However, Iran’s state-run Press TV is saying that only 10 million of 24 million votes, or around 42 percent of the vote, have been counted. At the same time, they are also claiming that 69 percent of the vote has been counted. Obviously the numbers are not adding up, and the agencies themselves appear to be in chaos.

    Prior to the announcement of the results, Mousavi held a press conference in which he said he was the winner of the election. The opposition camp is greatly concerned about fraud, and STRATFOR has been told that Mousavi has vowed to resist any fraud, even if it entails taking to the streets. This means there is considerable risk of unrest should Ahmadinejad emerge as the winner. But so far there is no evidence that the government is mobilizing security forces to deal with any such eventuality.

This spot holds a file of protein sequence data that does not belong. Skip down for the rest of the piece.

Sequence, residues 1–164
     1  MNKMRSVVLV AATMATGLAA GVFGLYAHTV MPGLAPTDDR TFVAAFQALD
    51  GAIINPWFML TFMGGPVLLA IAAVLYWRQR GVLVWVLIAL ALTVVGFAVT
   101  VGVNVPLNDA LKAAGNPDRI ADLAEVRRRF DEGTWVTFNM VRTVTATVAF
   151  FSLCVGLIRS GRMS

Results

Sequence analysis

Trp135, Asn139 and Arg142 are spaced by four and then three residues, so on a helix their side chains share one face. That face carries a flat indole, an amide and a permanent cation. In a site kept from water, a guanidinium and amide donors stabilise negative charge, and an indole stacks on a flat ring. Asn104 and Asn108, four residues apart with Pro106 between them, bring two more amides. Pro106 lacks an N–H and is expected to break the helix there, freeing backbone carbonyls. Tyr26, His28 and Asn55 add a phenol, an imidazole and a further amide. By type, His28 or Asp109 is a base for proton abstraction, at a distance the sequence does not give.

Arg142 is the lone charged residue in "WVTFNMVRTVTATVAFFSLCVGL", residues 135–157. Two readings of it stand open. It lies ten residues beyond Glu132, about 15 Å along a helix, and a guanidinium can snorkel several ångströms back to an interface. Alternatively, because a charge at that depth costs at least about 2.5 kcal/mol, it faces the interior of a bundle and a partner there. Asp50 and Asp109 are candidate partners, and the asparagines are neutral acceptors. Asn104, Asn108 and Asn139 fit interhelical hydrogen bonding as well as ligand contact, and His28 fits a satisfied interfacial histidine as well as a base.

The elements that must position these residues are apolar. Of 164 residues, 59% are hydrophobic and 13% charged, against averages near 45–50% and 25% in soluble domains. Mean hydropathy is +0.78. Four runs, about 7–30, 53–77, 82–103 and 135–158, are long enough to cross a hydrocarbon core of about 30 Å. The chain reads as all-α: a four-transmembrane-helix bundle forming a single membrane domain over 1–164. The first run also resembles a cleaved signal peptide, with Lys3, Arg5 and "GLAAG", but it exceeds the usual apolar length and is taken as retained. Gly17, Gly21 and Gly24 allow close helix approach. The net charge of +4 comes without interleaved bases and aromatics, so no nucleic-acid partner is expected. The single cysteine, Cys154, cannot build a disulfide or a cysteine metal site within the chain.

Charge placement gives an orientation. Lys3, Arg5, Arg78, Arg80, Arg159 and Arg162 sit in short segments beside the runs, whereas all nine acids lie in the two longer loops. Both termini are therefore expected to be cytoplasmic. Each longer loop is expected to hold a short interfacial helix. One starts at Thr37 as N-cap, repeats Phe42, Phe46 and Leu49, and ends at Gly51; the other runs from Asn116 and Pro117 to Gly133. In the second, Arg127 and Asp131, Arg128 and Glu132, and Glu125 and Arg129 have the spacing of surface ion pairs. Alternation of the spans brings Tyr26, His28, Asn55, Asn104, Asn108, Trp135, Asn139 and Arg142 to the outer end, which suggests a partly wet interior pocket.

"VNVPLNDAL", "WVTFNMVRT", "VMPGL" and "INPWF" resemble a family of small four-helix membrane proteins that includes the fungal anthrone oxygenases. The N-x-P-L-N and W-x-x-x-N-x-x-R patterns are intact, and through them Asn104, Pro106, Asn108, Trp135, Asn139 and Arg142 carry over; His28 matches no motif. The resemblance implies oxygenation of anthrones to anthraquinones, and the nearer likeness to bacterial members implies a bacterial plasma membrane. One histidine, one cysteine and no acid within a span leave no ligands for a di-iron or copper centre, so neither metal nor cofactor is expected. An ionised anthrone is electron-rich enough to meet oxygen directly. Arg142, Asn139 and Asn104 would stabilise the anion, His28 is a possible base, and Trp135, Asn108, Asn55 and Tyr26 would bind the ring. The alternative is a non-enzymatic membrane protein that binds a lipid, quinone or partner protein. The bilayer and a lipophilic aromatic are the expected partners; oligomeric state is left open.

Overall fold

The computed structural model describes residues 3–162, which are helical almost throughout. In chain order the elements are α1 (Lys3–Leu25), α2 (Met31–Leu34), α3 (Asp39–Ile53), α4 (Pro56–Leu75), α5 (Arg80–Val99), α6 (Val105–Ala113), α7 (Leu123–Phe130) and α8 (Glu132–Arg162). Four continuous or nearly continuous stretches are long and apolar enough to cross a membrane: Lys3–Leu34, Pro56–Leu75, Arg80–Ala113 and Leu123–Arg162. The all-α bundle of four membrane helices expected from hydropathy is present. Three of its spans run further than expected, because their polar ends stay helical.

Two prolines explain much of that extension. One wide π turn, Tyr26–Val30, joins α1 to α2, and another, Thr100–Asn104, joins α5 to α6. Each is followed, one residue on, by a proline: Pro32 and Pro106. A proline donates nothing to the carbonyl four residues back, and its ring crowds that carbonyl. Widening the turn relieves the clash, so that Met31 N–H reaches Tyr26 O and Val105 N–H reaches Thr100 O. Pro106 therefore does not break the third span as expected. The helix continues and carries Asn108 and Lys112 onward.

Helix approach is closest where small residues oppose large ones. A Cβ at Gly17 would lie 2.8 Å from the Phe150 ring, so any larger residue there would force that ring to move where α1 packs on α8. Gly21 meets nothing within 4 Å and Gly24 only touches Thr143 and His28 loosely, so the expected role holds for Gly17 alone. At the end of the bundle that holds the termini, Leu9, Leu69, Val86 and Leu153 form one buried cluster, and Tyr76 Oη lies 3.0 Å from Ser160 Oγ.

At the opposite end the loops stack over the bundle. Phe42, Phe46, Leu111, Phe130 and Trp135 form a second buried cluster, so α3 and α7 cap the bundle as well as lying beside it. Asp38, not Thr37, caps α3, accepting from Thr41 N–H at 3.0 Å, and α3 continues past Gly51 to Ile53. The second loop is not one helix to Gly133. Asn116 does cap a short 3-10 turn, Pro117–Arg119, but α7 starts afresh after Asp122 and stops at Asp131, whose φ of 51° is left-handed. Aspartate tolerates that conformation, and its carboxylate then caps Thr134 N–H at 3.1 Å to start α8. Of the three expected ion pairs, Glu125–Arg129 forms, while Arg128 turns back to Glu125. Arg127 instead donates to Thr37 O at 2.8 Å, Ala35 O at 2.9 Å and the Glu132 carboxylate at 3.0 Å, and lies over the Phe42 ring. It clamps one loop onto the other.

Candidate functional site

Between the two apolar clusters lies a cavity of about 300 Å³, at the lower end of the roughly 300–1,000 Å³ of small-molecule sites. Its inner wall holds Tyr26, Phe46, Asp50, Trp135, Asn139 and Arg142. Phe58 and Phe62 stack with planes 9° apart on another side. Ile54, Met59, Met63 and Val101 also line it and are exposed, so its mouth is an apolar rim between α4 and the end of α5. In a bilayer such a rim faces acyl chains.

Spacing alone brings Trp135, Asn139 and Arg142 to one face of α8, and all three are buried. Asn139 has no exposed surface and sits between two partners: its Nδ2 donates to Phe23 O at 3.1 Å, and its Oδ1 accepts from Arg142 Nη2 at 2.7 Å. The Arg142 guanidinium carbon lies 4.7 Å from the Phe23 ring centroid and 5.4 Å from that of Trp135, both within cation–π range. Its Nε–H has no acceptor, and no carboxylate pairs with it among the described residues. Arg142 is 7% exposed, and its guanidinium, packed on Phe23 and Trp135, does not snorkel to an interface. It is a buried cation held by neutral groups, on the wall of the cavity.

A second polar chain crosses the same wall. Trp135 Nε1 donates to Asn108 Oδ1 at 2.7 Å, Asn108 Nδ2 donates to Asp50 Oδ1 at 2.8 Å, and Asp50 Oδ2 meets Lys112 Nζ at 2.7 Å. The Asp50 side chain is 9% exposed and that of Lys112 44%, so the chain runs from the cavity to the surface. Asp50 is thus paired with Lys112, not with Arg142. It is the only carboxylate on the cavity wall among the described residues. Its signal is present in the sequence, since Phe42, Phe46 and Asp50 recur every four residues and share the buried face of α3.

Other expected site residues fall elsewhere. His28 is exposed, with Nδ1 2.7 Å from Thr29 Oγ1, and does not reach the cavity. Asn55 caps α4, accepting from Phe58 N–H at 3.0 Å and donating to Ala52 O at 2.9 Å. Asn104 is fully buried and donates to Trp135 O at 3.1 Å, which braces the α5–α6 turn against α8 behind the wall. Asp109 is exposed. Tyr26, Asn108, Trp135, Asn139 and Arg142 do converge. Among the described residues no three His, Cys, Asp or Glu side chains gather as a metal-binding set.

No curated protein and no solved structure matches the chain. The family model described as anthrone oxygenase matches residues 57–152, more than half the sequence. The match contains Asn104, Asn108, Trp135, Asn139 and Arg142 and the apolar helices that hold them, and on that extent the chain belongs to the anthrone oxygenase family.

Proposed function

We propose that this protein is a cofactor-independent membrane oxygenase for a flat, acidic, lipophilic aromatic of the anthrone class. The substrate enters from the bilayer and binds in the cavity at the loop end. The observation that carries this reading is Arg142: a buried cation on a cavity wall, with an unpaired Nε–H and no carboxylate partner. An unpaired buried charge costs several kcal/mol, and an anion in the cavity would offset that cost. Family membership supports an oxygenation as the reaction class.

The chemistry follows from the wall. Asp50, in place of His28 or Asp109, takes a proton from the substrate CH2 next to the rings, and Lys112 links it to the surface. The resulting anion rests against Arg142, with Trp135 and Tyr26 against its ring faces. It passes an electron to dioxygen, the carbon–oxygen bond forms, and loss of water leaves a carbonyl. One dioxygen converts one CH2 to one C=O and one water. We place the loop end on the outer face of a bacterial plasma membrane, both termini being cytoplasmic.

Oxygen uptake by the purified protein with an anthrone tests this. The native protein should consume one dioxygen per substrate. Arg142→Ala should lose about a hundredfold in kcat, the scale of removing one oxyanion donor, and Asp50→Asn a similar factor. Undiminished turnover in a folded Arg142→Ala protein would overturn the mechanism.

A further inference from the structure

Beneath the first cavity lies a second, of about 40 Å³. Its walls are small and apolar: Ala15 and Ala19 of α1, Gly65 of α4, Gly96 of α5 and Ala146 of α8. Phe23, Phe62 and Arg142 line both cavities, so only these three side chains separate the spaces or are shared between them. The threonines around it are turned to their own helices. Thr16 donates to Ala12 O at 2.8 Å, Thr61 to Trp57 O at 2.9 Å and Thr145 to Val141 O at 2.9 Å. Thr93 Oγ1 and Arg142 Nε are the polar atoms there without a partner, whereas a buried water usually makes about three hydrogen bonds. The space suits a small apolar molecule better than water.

Red Alert: Iran’s Election Results Stratfor 12 Jun 09

    I just read a Twitter on the Huffington Post site comments suggesting a protest was gathering at the Interior Ministry in Tehran.  What’s up?